The Richest Man In Asia Is Selling Everything In China
From the article:
Li Ka-Shing was investing in mainland China back in the early 90s, way back before it became the trendy thing to do. Now, Li wants out of China. All of it.
I don’t know about you? But when the richest man in Asia pulls up stakes there is a reason for it. Is he getting out while the getting is good?
Also from the article:
After years of unprecedented monetary expansion that has put the economy in a precarious state, the Chinese government has been desperately trying to reign in credit growth.
The shadow banking system alone is now worth 84% of GDP according to an estimate by JP Morgan. The IMF pegs total private credit at 230% of GDP, jumping by 100% in the last few years.
The Terms: (If you’re not accustomed to financial things. I’m learning too.)
An example of Shadow Banking for instance would be Mortgage Companies, or Money Market Mutual Funds. Financial Institutions outside of regular banking.
The IMF: It stands for International Monetary Fund. This organization has been around since 1944. The IMF’s stated goal was to assist in the reconstruction of the world’s international payment system post–World War II.
Countries contribute funds to a pool through a quota system from which countries with payment imbalances temporarily can borrow monies and other resources.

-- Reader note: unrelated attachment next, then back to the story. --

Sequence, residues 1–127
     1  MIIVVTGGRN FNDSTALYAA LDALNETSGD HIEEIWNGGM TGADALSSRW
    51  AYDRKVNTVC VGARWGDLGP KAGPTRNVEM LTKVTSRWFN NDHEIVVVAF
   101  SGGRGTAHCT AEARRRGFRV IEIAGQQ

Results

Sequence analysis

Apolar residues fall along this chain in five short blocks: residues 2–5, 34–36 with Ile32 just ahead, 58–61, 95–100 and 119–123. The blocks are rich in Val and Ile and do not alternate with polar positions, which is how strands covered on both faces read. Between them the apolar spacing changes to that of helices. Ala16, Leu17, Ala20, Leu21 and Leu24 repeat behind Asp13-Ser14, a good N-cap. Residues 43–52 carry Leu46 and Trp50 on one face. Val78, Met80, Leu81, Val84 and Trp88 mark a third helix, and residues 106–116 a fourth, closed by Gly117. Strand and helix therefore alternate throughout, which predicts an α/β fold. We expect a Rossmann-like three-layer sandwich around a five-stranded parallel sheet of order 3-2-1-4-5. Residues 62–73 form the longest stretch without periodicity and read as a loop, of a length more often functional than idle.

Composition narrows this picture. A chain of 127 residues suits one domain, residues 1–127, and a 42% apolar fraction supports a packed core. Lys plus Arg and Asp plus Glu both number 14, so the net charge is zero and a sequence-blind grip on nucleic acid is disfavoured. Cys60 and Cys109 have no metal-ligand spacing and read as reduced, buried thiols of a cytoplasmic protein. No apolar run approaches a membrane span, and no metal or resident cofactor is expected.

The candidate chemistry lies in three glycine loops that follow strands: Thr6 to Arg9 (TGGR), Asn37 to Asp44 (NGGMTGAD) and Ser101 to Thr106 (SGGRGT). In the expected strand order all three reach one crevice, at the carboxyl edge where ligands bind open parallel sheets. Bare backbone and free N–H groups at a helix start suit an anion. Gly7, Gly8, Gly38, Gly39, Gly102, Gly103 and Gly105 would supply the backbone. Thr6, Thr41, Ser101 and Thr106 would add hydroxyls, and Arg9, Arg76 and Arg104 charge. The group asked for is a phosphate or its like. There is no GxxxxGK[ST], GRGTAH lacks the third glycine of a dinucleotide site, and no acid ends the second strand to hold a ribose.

That’s not all….
Through this fund, and other activities such as surveillance of its members’ economies and the demand for self-correcting policies, the IMF works to improve the economies of its member countries.
The IMF is a self-described “organization of 188 countries, working to foster global monetary cooperation, secure financial stability, facilitate international trade, promote high employment and sustainable economic growth, and reduce poverty around the world.” (This information is from Wikipedia)
Also from Wikipedia: Gross domestic product (GDP) is the market value of all officially recognized final goods and services produced within a country in a year, or other given period of time.
Historically, growth rates of these proportions have nearly always been followed by severe financial crises. And Chinese leaders are doing their best to engineer a ‘soft landing’.
These two lines are the heart of the situation. And…just a bit scary if you consider the Chinese will not be the only ones affected by this. The next two lines are the possible outcomes of this situation. In either of the cases it has worldwide implications.
If they’re successful, the world will only see major drops in global growth, stocks, property, and commodity prices.
I like the way the article says “If” they’re successful and “the world will ONLY see major drops”. Oh, that’s all. (sarcasm) That’s supposed to be the good news.
If they fail,…..the spillover could become pandemic.
That’s the bad news.